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discussing the crisis - 1
i've managed to get my hands on bernard lewis' the crisis of islam, a concise commentary on eastern islamic practices, western perceptions of islamic radicalism and perceived solutions to the problem of religious fundamentalism in the islamic context. in this post, and the ones to follow, i'll try and discuss my own take on lewis' work.

less a book and more an exteded essay, the crisis of islam, begins promisingly with the introduction establishing the author's scholarlship. there are however assertions inconsistent with my own education and experience as a muslim, more specifically, as an educated indian muslim. when lewis refers to the muslims for example, it is evident he's talking about the muslims around the world, indians, pakistanis, indonesians, malaysians and every other ethnic group that follows islam as a system of belief and practice. in the introduction he talks about a videotape made pubic in october 2001, in which Osama bin Laden refers to some event that occured eighty years ago, and which was purportedly a cornerstone in islamic political history. the event referred to was the breaking up of the Ottoman empire and according to Lewis, though Western observers had some time figuring out the allusion, it was something plainly evident to most muslims. i cannot speak for muslims of other nationalities, but i can speak as an indian, and i'm very positive about this, mr.lewis would be hard pressed to find too many indians of the islamic faith who would know off hand of bin Laden's reference. it is uncertain if this can be explained as evidence of ignorance or of an identity independent from that of the larger islamic body, a more likely reason for me is my belief that radical islam is intrinsically a geographical and political, rather than an islamic problem per se. an integral component of islamic identity however, is the kabah, and by association, mecca and saudi arabia. current events and alleged aggression therefore, in the wider gulf region, have been used very successfully by radical elements in all muslim communities to incite a hatred and distrust for the west in general and america in particular.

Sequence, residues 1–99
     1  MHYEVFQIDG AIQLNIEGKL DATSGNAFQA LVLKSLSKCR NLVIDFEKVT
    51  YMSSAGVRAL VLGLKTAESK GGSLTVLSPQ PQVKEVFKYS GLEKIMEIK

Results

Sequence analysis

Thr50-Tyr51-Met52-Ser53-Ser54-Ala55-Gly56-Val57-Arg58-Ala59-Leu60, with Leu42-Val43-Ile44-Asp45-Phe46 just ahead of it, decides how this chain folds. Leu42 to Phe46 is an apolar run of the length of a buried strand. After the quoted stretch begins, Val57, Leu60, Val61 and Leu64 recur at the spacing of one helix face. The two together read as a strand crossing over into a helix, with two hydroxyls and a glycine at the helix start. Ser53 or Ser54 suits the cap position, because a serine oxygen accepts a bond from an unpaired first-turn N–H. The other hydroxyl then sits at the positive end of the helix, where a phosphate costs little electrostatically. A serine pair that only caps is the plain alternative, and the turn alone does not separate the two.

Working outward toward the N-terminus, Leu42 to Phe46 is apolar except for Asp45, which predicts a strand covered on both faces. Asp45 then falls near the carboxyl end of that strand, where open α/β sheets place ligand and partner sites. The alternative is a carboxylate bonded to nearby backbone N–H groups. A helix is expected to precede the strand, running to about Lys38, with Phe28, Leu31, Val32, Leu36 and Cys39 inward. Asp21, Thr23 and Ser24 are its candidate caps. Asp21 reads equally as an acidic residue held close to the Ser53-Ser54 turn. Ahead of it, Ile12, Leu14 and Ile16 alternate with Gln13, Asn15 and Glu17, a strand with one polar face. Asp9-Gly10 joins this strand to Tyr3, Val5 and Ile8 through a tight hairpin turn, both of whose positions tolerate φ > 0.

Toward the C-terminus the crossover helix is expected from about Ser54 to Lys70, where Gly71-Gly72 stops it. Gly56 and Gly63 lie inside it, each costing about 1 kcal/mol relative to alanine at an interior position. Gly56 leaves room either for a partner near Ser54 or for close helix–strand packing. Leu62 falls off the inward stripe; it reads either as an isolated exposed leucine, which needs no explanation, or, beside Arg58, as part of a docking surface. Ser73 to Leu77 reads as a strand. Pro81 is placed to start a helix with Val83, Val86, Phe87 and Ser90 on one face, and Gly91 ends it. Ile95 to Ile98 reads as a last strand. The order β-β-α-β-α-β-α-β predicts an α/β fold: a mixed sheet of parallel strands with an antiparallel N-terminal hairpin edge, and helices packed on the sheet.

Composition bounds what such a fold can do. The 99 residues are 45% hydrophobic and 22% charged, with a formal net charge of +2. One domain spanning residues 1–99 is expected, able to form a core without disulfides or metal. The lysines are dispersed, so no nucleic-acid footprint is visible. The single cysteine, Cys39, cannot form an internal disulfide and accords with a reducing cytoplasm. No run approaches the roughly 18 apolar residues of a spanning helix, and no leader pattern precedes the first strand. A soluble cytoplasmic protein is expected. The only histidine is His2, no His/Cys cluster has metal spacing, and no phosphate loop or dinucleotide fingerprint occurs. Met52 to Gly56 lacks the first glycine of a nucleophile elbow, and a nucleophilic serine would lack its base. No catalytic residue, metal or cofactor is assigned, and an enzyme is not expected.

it is also instructive to note that western mores seem to be in direct conflict with islamic and in many cases asian principles and cultural practices. consider for example hinduism, which places a great deal of restrictions on sexual freedom as compared to current western attitudes. hinduism however, does not seem to be as much at war with the west as islam, why? perhaps because most other cultures have chosen to evolve and adapt to western influences or simply modern practices. islam on the other hand, the 'perfect religion', refuses to consider the idea that it has any flaws whatsoever. muslims believe the quran is the word of god, it is immutable, unchangeable, and, above all, absolute. to even entertain the idea that islam needs to adapt to any external forms of behavior or thought, be it western or anything else, is sacrilege for any practicing muslim.

lewis' introduction further talks about a letter in a london based arabic newspaper, printed in february 1998, allegedly faxed in by Osama bin Laden and other radical leaders. the letter talks about how america and not iraq was the aggressor in the 1991 gulf war, along with other rhetoric about the plight of the iraqi people under continued sanctions and of america's oft alleged cabal with israel. those arguments have been used consistenty and very successfully by radical forces in shaping public opinion on the 'arab street'. by going to war with iraq and committing one blunder after another in its conduct, for example the lack of a proper administrative plan post war and the inane handling of international media criticism, america has played into the hands of radical elements, giving even greater credence to their conspiracy theories. it is unlikely the war in iraq will lead to the democratizaion of arabia in the near future, if anything it only seems to be another bloody chapter in an ongoing struggle between islam and the west, with no quick or peaceful resolution immediately apparent.

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